You’ll occasionally hear advice around the publishing-o-sphere that you should just write what you want, don’t worry about the market one whit, and just let the chips fall where they may.
This is somewhat true, but not endlessly true.
On the one hand, yes. Definitely. You should absolutely write the book you want to write and consider whether what you want for your book is more consistent with self- or traditional publication. But if your goal is to be traditionally published, especially by one of the major publishers, it doesn’t pay to just ignore the market entirely.
Here’s what I mean (and don’t mean) by this.
Don’t chase trends
What people mean when they tell you to write what you want to write is that you shouldn’t try to chase a trend. Because of how long it takes to write and publish a book, if you try to jump on a currently hot trend, you’re already too late.
When it comes to trends, definitely ignore the market.
Do pay attention to genre conventions and word counts
Some genres are stricter than others, but you should be very familiar with the genre conventions (especially for romance) and the general word count ranges for your genre.
Word counts aren’t a be-all-end-all and you should feel some flexibility there, but the farther you stray from your genre’s word count sweet spot the harder the sell your book may be.
It’s hard to break the mold with a debut
Every commercial art medium has megahit unicorns that defied genre conventions and were strikingly original.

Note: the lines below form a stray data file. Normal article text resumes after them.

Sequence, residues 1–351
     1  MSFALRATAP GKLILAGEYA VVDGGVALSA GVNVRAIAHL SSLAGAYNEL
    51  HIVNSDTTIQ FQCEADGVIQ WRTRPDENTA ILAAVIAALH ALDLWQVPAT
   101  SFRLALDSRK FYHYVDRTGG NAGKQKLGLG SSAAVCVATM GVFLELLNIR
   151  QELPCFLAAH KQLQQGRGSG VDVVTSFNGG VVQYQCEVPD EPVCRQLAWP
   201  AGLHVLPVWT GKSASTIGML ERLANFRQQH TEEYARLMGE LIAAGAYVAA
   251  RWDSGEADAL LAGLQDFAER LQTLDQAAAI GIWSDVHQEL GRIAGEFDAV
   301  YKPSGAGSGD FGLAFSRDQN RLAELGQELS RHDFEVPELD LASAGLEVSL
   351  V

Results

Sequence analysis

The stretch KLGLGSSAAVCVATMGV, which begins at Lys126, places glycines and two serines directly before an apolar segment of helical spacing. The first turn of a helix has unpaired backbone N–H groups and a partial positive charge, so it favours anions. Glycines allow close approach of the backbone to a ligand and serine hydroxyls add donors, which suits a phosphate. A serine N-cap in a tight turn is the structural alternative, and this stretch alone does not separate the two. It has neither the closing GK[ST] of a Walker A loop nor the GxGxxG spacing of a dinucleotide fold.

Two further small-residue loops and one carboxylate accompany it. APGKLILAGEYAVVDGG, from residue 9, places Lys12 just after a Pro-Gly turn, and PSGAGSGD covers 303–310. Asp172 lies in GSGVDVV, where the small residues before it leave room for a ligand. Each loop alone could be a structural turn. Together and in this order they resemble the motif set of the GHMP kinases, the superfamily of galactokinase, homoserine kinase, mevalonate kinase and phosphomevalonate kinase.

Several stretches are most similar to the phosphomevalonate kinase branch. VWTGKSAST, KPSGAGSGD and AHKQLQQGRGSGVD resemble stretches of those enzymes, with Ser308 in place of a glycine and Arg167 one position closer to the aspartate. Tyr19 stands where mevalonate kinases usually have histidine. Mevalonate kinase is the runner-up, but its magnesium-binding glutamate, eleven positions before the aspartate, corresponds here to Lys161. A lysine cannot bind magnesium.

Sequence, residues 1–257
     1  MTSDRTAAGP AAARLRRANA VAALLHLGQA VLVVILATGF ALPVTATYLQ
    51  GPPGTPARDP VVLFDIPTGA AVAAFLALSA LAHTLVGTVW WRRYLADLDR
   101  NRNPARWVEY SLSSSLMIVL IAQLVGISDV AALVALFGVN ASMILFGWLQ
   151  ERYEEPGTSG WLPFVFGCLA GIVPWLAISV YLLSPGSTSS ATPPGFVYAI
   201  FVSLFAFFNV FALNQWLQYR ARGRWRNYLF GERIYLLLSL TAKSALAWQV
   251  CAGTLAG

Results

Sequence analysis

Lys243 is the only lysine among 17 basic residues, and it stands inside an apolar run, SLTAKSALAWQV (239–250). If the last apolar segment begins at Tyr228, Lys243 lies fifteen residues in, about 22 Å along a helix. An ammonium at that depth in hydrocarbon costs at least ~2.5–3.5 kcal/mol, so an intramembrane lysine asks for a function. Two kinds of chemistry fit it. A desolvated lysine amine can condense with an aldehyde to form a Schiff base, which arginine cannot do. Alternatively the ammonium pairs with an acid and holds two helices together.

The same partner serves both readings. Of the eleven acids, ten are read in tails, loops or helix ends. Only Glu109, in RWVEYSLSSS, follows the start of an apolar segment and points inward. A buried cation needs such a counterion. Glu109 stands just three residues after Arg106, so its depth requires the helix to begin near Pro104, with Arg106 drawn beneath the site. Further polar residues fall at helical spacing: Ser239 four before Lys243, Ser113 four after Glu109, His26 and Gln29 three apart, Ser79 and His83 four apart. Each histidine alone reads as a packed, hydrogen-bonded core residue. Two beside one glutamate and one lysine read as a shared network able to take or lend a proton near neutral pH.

But when you think back to many of these hits, they were often written/made after the artist was already established in their field with more conventional works.
George Lucas made American Graffiti before Star Wars. Lin-Manuel Miranda wrote In the Heights before Hamilton. Herman Melville wrote the more conventional travel book Typee before he wrote Moby-Dick and, more recently, John Grisham established himself writing legal thrillers before he veered off to write about high school football coaches and football players living in Italy and baseball players just to mix it up.
Success gives you artistic license and credibility to get a little wild. It’s harder to do this right off the bat.
There are always exceptions
Sure. You can think of a million exceptions to the above rules. There are always going to be books that are just so magical they make everyone ignore all those supposed “rules.”
But if you are going to break the rules you should do so consciously and with care.
So while you should absolutely write the book you want to write and figure out what’s most important to you, if you care about commercial success at all it pays to have the market at least somewhat in mind.
Art: The Circus by Georges Seurat